Superovulation alters DNA methyltransferase protein expression in mouse oocytes and early embryos
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DNA methylation is an epigenetic mechanism that plays critical roles during mammalian oocyte and preimplantation embryo development. It is achieved by adding a methyl group to the fifth carbon atom of cytosine residues within cytosine-phosphate-guanine (CpG) and non-CpG dinucleotide sites using DNA methyltransferase (DNMT) enzymes for de novo and maintenance methylation processes. DNMT1, DNMT3A, and DNMT3B play important roles in establishing methylation of developmentally related genes in oocytes and early embryos. The purpose of this study is to identify the effect of superovulation on the expression and subcellular localizations of these three DNMT enzymes in the mouse oocytes and early embryos.
Three groups composed of control, normal dose [5 IU pregnant mare serum gonadotropin (PMSG) and 5 IU human chorionic gonadotropin (hCG)], and high dose [7.5 IU PMSG and 7.5 IU hCG] were created from 4–5-week-old female BALB/c mice. The relative expression and subcellular localizations of the DNMT proteins in the control and experiment groups have been characterized by using immunofluorescence staining subsequently analyzed in detailed.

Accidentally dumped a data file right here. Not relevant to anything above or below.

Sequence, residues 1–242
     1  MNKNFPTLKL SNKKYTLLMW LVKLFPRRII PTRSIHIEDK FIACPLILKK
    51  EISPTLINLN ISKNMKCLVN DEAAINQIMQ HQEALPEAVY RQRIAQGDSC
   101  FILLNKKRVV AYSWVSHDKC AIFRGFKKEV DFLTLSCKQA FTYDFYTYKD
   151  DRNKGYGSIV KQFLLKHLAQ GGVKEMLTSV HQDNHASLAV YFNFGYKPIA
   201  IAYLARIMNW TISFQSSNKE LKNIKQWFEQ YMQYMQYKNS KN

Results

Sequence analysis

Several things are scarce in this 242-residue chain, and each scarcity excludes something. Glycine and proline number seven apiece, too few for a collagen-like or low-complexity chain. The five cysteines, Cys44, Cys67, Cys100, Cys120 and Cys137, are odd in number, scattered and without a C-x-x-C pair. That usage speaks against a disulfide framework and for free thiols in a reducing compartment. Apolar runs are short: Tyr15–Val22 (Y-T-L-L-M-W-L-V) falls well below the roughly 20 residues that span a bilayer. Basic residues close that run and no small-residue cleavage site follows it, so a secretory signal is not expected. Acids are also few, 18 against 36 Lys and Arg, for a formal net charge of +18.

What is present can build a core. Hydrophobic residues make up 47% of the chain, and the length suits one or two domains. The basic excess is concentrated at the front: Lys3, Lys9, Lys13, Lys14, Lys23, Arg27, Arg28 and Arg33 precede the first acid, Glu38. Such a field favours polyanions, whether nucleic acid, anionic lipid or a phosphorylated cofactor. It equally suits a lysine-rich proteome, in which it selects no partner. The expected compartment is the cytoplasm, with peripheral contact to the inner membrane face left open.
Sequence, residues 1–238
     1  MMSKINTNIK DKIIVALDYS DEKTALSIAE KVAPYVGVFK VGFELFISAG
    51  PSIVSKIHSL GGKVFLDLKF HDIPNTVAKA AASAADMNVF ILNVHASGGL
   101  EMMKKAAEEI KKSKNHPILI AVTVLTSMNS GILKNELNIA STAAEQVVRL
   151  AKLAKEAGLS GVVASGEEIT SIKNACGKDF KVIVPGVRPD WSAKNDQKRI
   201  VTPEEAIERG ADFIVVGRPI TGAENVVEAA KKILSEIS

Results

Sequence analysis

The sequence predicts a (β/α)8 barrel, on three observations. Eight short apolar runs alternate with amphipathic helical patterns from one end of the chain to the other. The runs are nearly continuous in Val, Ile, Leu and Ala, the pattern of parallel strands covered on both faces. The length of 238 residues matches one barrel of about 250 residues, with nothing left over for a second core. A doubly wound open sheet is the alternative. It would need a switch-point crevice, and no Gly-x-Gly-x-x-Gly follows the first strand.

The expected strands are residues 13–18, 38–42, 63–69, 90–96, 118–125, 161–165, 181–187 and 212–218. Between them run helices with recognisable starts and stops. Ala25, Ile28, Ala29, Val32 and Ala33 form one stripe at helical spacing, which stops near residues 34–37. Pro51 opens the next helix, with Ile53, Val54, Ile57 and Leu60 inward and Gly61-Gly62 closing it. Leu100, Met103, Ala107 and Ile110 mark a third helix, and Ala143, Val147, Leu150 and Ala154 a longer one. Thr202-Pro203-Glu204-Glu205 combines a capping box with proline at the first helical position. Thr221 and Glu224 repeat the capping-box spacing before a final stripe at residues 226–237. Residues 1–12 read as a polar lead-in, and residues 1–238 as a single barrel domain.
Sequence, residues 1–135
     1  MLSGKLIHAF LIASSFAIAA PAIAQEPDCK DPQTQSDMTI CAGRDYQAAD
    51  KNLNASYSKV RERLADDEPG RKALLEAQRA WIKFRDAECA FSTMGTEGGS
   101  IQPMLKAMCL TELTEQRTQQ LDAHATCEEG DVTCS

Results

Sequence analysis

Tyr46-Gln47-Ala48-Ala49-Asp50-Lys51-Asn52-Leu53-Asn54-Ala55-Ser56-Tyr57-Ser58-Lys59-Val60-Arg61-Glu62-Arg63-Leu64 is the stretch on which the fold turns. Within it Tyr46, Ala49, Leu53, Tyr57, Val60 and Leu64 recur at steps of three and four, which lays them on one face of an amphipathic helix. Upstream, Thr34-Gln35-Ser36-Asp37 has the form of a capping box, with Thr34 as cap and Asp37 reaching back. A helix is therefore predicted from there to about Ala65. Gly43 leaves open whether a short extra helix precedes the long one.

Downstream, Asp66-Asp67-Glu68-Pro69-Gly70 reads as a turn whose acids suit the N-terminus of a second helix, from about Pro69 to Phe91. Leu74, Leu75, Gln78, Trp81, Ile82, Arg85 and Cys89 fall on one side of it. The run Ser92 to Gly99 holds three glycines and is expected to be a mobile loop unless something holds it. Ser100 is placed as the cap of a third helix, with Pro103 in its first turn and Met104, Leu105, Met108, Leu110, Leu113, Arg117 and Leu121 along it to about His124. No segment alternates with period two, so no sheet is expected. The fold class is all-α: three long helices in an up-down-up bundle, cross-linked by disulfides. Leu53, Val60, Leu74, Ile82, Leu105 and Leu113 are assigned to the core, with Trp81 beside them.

DNMT1, DNMT3A, and DNMT3B protein expression in the germinal vesicle and metaphase II oocytes and in one-cell and two-cell embryos differed significantly when some of the normal- and high-dose groups were compared with the control counterparts.
This study has demonstrated for the first time that superovulation alters expression levels of the DNMT proteins, a finding that indicates that certain developmental defects in superovulated oocytes and early embryos may result from impaired DNA methylation processes.
KeywordsDNMT DNA methylation Early embryo Oocyte Superovulation
F. Uysal performed the experiments. F. Uysal, S. Ozturk, and G. Akkoyunlu analyzed the data. F. Uysal, S. Ozturk, and G. Akkoyunlu wrote the manuscript.
This study was supported by the Akdeniz University Scientific Research Projects Coordination Unit (Project Number: 2014.02.0122.013).
Compliance with ethical standards
Conflict of interest
The authors declare that they have no conflict of interest.
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